Hands Holding Plant
Growthfrom pain to perspective

Fear of the Future


 

Expect the best and prepare for the worst.  An adage we’ve all heard.  In 2015, though, we find this wisdom being turned on its head, as we approach a horizon of historic upheaval.  Prophecies from countless times and places point toward our era as a runway to wonder or an opening into oblivion.  At the shopping mall, however, it is business as usual, buying, consuming, then fuming about the direction our country might be headed.
Indeed, as we look around at worsening extremes of weather, economies on the cliff, and political systems in gridlock, it’s hard not to think of biblical end times.  Television and films capitalize on our collective apprehension with a blizzard of documentaries on the many endings in store for the world as we know it.  From catastrophic asteroids, to mega quakes in Yellowstone, to searing sunspots, catalyzing alignments with the galaxy, or our own itchy nuclear trigger fingers, the future from Hollywood has us getting gutted by every conceivable force in the universe.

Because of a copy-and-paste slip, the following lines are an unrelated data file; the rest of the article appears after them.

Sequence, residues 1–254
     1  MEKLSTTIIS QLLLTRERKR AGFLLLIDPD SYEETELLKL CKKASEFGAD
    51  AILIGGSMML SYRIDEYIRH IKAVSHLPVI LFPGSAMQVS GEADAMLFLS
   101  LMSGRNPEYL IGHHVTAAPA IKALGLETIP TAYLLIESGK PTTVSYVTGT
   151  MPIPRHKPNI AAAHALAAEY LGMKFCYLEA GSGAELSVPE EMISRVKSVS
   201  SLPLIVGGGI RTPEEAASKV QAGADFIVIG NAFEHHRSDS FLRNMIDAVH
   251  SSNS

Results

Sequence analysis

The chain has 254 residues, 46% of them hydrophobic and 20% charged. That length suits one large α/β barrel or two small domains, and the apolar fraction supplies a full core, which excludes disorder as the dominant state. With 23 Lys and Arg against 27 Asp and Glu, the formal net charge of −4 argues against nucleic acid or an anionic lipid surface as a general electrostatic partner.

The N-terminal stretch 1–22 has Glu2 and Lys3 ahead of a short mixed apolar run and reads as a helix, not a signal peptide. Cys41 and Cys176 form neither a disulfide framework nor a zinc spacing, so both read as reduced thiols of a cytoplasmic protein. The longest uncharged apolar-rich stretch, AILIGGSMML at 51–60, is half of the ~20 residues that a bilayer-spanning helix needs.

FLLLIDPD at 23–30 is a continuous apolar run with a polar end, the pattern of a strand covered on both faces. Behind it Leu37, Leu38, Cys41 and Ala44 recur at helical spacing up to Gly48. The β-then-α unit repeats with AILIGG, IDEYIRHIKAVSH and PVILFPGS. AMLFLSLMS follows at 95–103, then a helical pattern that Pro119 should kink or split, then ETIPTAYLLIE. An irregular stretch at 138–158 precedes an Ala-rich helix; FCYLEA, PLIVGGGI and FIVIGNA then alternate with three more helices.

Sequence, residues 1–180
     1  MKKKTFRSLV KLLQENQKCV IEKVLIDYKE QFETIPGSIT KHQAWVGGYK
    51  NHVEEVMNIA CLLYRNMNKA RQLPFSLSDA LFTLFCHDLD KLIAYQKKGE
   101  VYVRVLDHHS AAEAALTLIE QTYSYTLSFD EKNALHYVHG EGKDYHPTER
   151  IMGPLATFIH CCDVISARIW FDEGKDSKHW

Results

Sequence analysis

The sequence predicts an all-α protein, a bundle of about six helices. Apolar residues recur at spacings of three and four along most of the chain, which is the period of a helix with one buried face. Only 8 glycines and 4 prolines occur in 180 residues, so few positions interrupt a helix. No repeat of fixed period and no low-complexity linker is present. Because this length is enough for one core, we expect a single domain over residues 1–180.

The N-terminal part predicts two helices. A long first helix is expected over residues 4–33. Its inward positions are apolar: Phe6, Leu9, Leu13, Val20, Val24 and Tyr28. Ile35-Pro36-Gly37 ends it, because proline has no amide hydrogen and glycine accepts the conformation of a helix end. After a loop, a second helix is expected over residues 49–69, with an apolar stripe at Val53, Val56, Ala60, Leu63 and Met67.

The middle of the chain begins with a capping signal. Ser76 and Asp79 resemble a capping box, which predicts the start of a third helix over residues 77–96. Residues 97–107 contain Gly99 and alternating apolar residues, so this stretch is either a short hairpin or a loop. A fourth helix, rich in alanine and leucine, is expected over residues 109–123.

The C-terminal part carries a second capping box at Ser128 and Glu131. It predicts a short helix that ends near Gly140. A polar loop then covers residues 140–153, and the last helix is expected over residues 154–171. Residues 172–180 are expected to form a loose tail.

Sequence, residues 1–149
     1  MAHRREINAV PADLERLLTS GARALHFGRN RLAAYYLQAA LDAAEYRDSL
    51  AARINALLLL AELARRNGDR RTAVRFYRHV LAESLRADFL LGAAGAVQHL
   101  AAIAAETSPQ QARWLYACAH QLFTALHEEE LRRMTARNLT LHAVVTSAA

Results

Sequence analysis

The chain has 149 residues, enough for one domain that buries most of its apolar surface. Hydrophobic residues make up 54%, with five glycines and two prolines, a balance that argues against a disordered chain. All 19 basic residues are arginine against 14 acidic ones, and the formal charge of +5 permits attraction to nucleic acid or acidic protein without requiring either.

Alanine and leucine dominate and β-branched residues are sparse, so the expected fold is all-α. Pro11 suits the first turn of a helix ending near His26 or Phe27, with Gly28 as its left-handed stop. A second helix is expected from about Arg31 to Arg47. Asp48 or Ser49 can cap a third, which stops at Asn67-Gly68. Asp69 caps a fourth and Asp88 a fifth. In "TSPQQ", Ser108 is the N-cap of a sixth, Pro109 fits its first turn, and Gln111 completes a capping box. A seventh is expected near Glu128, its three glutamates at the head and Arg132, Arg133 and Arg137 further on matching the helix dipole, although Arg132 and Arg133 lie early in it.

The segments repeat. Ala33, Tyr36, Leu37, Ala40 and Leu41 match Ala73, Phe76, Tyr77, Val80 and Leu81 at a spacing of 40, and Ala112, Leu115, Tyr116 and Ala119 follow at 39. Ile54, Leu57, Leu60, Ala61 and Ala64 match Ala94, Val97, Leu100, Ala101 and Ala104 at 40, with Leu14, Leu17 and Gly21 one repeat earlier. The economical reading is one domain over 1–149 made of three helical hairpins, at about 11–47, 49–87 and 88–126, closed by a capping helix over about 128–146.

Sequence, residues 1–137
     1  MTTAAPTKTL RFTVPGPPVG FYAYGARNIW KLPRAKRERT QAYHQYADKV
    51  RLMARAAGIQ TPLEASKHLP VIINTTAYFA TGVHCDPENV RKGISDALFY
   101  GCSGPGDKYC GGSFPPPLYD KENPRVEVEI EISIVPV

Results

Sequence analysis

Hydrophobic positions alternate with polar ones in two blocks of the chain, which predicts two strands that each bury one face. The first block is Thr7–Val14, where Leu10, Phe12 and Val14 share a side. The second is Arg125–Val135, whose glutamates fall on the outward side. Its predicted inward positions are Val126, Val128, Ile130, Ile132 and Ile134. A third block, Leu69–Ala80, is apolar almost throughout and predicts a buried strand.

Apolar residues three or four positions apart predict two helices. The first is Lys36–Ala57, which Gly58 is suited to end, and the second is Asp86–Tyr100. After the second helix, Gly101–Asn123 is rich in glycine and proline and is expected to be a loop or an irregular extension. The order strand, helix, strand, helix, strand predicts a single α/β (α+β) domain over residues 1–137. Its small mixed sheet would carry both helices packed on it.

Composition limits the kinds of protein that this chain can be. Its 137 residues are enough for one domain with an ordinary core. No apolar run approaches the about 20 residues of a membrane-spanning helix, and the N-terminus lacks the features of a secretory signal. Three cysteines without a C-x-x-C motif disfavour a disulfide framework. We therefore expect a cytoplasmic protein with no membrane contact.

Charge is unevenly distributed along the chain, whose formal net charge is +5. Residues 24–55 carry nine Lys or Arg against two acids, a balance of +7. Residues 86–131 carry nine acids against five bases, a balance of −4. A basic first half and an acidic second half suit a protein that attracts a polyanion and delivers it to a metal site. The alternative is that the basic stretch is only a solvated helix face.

Of course, any of these things could happen and many already have at some time in the past.  No era is immune to calamity on any scale, universal or personal.  But this is nothing new.  Just because disasters can happen does not mean that they will.  Nor does dismissing the possibilities prevent them from coming to be.  Worry is not preparation, and denial is not a strategy.  But thoughts do count in the tally of what is likely to happen.
When fear floods a community, the tsunami of apprehension washes away reason, intuition, creativity, courage, and even hope.  All the qualities that enable people to meet challenges, work together for the collective good, and inspire extraordinary efforts get drowned in the drain.  In that sense then, the worst disaster might be fear itself. 
On the other hand, having a vision of a world worth working toward galvanizes the greatest faith and the action to help it to happen.  Investing in the best means being willing to acknowledge fear, but keeping it in perspective, so we can remain free to act in accord with the true currents of change.  
Preparing for the worst isn’t the same as expecting it.  The world can end at any time, for any and each of us.  That reality is unlikely to change.  But the world is also made new when we begin to hear with our hearts, see with our souls, and speak with meaning.  Then the light of life has a chance to illumine the shadows and allow the journey on to genuine joy.  All it requires is the courage to expect (and enact) the best.